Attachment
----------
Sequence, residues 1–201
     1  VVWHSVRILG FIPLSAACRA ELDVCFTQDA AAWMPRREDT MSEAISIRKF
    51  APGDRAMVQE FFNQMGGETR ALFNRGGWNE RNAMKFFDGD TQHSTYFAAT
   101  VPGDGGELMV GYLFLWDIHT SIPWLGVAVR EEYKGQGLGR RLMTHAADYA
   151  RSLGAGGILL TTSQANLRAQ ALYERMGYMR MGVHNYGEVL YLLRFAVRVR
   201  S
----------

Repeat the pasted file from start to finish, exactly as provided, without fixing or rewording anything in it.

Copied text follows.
Sequence, residues 1–201
     1  VVWHSVRILG FIPLSAACRA ELDVCFTQDA AAWMPRREDT MSEAISIRKF
    51  APGDRAMVQE FFNQMGGETR ALFNRGGWNE RNAMKFFDGD TQHSTYFAAT
   101  VPGDGGELMV GYLFLWDIHT SIPWLGVAVR EEYKGQGLGR RLMTHAADYA
   151  RSLGAGGILL TTSQANLRAQ ALYERMGYMR MGVHNYGEVL YLLRFAVRVR
   201  S